Written by Felder Rushing and published on https://www.hgtv.com/.
Who doesn’t love spring? For New Englanders, the icy cold dullness of winter is on the way out, the sun is getting brighter and warmer, and nature’s renewal is in the air. But wait just a minute…there’s just one problem. That early seasonal transition from winter to the vibrant spring growing season is just plain, gray-brown dull.
From the end of March to as late as early May, nature’s busy generating new growth, it’s just not very colorful, and that makes for dull gardens. It’s enough to drive many gardeners to the brink of despair, desperate for more colorful signs of life. Fortunately, there’s a secret weapon to combat all this dullness: bulbs.
Bulbs are perhaps one of the most valuable and productive friends an ornamental gardener can have. Cared for properly, they seem to automatically provide life and color in a bleak landscape after a hard winter. They are springtime incarnate, bringing joy with every vibrant flower!
When you add bulbs, you are using plants that are ephemeral. That means they’re plants that are transitory, with a short life cycle, and they’re going to show off during their favorable period and fade away when it’s not so favorable. Bulbs are an astonishingly large category of flowers, so it’s important to know what you have so you’ll know how to care for it. Two of the most popular bulbs are tulips and narcissi (daffodils are a type of narcissi), but there are many others, such as hyacinths, camassia, scilla, crocus, lily, and fritillaria, to name a few.
Planting Spring Bulbs in Fall
Whether you want masses of spring color or collect a few heirloom bulbs to share, all are easily planted in the fall.
What you plant are compact packages of hope…what you get are plants that bloom their hearts out for you – literally!
Spring bulbs, including tulips, daffodils, grape hyacinths, and so many more – even garlic – are best set out in the fall, just as the weather and soil starts to cool. Within weeks they will have sprouted roots reaching deep into the soil, followed by spears of greenery that withstands even the coldest weather, then late winter and spring stems topped with nodding flowers.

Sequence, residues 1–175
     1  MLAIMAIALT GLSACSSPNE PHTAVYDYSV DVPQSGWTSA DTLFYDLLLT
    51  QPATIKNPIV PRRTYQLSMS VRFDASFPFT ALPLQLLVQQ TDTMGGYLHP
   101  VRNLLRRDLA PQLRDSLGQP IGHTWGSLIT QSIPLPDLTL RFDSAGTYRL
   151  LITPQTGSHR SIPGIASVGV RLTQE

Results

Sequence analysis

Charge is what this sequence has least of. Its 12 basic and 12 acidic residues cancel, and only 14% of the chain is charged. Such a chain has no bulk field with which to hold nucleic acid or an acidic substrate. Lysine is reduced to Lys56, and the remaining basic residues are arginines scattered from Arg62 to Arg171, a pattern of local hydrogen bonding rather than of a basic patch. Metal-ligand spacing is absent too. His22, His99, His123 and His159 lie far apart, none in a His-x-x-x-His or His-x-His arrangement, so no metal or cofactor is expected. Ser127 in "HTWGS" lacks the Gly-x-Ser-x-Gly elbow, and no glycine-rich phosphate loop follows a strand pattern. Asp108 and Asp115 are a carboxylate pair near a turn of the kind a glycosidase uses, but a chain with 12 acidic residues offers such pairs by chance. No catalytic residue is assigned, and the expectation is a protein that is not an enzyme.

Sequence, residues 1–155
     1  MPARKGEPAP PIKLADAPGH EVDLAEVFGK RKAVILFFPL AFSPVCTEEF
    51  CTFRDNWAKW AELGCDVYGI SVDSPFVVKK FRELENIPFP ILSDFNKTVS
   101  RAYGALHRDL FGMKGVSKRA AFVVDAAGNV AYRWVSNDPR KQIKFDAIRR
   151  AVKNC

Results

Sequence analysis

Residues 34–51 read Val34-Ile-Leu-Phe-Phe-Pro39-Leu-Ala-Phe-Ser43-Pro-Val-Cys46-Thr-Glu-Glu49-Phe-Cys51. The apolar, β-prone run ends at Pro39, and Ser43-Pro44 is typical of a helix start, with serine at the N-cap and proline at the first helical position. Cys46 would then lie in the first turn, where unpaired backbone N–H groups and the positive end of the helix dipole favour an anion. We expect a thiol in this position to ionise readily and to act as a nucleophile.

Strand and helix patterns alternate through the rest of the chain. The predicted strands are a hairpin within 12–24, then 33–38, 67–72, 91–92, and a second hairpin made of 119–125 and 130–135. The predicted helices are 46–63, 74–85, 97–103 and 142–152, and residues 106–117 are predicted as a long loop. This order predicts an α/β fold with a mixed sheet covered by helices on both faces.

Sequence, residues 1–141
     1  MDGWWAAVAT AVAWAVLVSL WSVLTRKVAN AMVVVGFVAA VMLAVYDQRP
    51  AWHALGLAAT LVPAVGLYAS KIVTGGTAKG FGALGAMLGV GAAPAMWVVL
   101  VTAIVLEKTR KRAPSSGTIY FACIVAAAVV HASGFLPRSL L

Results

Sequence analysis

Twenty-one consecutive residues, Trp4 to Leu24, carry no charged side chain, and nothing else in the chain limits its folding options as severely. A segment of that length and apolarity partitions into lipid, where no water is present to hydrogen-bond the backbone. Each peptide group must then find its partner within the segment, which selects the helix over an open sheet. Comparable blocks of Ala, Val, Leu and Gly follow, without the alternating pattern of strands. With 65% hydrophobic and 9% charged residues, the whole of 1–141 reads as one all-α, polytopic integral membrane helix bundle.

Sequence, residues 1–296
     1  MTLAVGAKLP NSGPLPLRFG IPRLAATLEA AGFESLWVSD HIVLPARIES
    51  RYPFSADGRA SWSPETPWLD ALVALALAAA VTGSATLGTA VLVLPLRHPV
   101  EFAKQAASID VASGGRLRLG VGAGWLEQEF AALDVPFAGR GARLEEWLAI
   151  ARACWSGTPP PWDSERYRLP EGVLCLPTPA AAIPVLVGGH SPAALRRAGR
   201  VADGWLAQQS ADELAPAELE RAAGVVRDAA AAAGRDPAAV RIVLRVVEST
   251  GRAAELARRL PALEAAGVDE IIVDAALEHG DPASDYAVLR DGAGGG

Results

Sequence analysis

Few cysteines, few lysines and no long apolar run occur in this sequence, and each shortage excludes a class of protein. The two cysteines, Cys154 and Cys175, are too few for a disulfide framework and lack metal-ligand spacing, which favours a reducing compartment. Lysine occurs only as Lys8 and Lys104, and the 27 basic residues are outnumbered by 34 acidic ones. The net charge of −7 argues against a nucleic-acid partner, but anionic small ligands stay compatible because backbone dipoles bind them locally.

But there are a few things you can do to make this easier and more productive, starting with choosing the right bulbs for your area. After all, many bulbs require cold temperatures to sprout and grow well, making some unsuitable for hot frost-free climates without some pre-chilling in the refrigerator crisper. Usually six or eight weeks is enough to satisfy their need for cold.
Note: In moderate climates where winters get cold for at least a few weeks, only tulips need pre-chilling; in fact, daffodils that are refrigerated before planting often flower on short, stunted stems. And be careful to label bulbs left in fridges where some people may mistake them for food!
Another precaution you may want to take is to protect your bulbs from voles, which are small rodents that eat bulbs. Horticulturists in many botanic gardens line their planting beds with half-inch “hardware cloth” which allows roots to grow but fences out the voles. You can substitute large plastic pots sunk into the ground if you wish (this works for hostas and other tender perennials, too).
Also, bulbs need a little help with nutrients. While any all-purpose fertilizer will work, a light dusting of specially-formulated bulb food can yield research-backed benefits. Keep in mind that one-shot bulbs like tulips really don’t need as much fertilizer as longer-lived bulbs that will grow and return for years.
Dig soil at least six or eight inches deep, loosening hard pans beneath, and mix a small amount of compost or other organic matter into hard clay or sandy soils. Add fertilizers at this time as well. If you aren’t going to plant the same day, cover the planting area with bark or other mulch to keep soil temperatures moderate in the winter and to protect against packing rain.
My great-grandmother shared some of her heirloom bulbs which I simply fertilize every fall, and divide as needed to keep them from getting crowded. In the late summer I dig them, let them dry a few days, then separate and replant what I don’t share with friends and family.
It is easy to create a wonderful potful of mixed bulbs by layering them – large bulbs deeper, smaller bulbs shallow. The general rule of thumb, plant twice as deep as the bulbs are in diameter, is not strict, but a good guideline.
Main thing is to mix and match good bulbs for your area, pre-chill tulips and any bulbs being planted in frost-free areas, then plant in well-drained, lightly fertilize soil… and enjoy the results!
Original post here https://www.hgtv.com/outdoors/flowers-and-plants/planting-spring-bulbs-in-fall.